“You discover a painting slowly, in steps. What you see first will never be what you see last and you will not refind your way – the path is already hidden once you follow it.” Charline von Heyl / UCLA Hammer Talk, May 5, 2011.

« A painter is lost when he finds himself» Max Ernst



         I see my work as the record of a conversation with Painting.
         Like other non-representational painters, I do not consider my work as abstract since I work from images. These images that seem to me highly significant to start with, I codify, I distort so that they become difficult or impossible to recognize. This process results in a language of hieroglyphs, encrypted emotions with no particular pathos attached.  Visual information is the only key to the mystery of these images. In the end, I play with expectations and frustrations, mine or those of my spectators.


         My bag of tricks is a bric-a-brac of painting techniques and visual devices: paint applied with brush or knife flattened and crushed into the picture plane, oil painting or acrylic, sometimes both at the same time, paint applied with rags, scraped or rubbed into the surface as if to move back and forth on the two sides of a mirror, sharply cut edges with masking tape, colors are tripping, shapes degenerate.


         If my paintings have an emotional life, it is hidden behind the appearance of child’s play, my primary concern: a serious game.
         I look for the image that intrigues and makes me curious like a puzzle would do. When images appear in my paintings or drawings, it is like bumping into myself while turning around a street corner.  Suddenly, I see a sober distance and a familiar smile overlapping each other. When I notice contradictions, hesitations or disturbing elements in my work, I take them as far as possible. Without denying them, and without losing sight of what seems to be solidly accomplished, I find there a particular view, a specific distance only a mental space would require, a bird’s eye view. I inflame color into strident, forms towards the grotesque but not totally, just enough to find myself off track, out of sync.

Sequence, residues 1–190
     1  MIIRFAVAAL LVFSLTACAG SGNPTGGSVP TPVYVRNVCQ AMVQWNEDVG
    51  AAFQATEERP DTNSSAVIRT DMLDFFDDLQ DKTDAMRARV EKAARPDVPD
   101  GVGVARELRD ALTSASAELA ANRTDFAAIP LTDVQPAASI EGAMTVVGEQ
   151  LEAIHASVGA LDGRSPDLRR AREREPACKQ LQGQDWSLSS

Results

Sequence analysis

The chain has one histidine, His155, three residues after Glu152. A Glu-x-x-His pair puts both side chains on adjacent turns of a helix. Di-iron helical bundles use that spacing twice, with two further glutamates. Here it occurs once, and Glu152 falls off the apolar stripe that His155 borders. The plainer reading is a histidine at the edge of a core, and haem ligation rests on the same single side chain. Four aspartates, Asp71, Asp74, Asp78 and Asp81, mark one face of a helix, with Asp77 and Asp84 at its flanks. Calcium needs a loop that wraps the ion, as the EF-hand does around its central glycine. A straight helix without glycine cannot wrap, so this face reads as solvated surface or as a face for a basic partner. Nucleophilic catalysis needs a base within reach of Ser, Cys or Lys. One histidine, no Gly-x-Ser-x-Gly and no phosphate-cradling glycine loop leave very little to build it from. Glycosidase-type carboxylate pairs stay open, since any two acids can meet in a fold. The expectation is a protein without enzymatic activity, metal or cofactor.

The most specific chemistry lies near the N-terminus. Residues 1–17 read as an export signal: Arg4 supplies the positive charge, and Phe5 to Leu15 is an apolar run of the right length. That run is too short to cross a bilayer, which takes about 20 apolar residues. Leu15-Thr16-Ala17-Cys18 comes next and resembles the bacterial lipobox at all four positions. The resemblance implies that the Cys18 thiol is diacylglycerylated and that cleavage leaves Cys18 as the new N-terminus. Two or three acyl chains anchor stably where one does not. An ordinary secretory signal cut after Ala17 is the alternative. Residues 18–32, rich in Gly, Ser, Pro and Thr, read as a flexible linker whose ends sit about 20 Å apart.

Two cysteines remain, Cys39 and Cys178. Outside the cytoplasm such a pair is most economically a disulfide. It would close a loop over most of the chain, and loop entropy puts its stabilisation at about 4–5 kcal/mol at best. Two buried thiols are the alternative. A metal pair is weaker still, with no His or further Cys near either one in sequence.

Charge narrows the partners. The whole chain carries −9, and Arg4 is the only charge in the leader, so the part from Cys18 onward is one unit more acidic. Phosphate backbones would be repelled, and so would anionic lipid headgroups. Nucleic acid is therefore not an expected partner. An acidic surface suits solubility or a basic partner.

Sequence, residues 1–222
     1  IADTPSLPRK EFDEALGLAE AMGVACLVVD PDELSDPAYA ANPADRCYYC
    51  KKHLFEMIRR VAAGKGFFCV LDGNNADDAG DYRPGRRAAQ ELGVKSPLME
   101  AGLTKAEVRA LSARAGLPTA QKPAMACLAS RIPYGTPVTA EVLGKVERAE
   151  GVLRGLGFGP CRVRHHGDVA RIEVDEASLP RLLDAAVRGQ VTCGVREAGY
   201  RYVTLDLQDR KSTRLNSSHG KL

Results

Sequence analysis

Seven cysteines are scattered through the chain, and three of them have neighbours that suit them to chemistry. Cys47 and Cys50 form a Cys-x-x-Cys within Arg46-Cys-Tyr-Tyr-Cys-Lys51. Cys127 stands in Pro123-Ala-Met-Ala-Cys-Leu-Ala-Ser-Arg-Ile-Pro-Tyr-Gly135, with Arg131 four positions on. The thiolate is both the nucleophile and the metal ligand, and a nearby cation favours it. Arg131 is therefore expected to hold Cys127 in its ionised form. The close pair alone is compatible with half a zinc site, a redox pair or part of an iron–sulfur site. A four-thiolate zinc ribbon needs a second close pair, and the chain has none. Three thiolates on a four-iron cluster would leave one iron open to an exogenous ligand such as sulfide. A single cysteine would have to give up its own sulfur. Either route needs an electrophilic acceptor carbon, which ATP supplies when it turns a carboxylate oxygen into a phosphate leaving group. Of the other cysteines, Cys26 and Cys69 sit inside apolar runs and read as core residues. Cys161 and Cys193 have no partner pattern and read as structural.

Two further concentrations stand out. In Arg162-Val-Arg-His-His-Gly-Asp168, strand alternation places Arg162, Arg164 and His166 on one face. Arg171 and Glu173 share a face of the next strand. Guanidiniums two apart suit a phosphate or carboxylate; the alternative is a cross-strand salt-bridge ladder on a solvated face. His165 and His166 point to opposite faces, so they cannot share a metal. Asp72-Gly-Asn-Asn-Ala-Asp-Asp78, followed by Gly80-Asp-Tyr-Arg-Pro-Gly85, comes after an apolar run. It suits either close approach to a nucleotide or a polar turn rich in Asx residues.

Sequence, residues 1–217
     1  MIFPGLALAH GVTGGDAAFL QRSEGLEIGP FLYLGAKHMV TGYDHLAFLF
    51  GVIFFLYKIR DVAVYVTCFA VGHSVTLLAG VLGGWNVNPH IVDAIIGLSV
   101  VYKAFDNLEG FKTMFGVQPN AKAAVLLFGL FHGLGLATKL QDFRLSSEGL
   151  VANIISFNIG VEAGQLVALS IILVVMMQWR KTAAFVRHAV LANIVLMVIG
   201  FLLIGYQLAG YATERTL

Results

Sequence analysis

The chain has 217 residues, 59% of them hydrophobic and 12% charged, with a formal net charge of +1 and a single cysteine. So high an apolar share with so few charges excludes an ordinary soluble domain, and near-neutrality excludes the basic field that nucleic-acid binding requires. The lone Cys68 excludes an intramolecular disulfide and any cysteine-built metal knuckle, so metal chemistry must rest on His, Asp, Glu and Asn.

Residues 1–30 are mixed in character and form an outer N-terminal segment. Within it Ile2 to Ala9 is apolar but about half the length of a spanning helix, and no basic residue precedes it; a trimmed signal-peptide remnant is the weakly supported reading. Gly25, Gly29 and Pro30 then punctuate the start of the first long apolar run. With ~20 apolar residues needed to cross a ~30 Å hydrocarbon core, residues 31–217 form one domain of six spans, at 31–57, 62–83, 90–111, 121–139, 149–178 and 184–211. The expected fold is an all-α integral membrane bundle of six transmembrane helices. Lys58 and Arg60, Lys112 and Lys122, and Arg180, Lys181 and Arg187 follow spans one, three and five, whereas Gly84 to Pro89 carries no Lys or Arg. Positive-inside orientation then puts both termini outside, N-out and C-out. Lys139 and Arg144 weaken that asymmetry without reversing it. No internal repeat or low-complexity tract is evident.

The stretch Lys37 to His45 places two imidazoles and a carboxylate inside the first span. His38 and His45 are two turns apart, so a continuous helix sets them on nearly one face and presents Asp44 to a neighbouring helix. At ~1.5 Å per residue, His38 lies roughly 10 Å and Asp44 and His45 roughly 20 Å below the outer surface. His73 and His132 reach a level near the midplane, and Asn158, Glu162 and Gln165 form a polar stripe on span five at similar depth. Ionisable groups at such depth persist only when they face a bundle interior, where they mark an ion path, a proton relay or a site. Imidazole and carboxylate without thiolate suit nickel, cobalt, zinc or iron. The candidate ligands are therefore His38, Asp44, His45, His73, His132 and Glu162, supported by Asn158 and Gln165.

I ask myself questions about harmony, elegance or balance, about the classical ideals of beauty. I try to see what would be the impact of dissonant elements, that of disorder, at what point and under what conditions the integrity of the whole is lost. How much stress can the system take?* How does it adapt to change?
         Sometimes I paint backwards, in reverse gear; the background is applied at the end around already stated shapes in the foreground.  I walk backwards; I carefully remove with my palette knife paint that I applied quickly in the beginning.


         I do not paint because I have something to say, I paint because what I say, succinctly perhaps, seems better said in painting.

Radu Tuian 2013



*Jacques Attali, Noise: The Political Economy of Music - “A network can be destroyed by noises that attack and transform it, if the codes in place are unable to normalize and repress them. Although the new order is not contained in the structure of the old, it is nonetheless not a product of chance. It is created by the substitution of new differences for the old differences. Noise is the source of these mutations in the structuring codes. For despite the death it contains, noise carries order within itself; it carries new information. This may seem strange. But noise does in fact create a meaning: first, because the interruption of a message signifies the interdiction of the transmitted meaning, signifies censorship and rarity; and second, because the very absence of meaning in pure noise or in the meaningless repetition of a message, by unchanneling auditory sensations, frees the listener’s imagination. The absence of meaning is in this case the presence of all meanings, absolute ambiguity, a construction outside meaning. The presence of noise makes sense, makes meaning. It makes possible the creation of a new order on another level of organization, of a new code in another network.”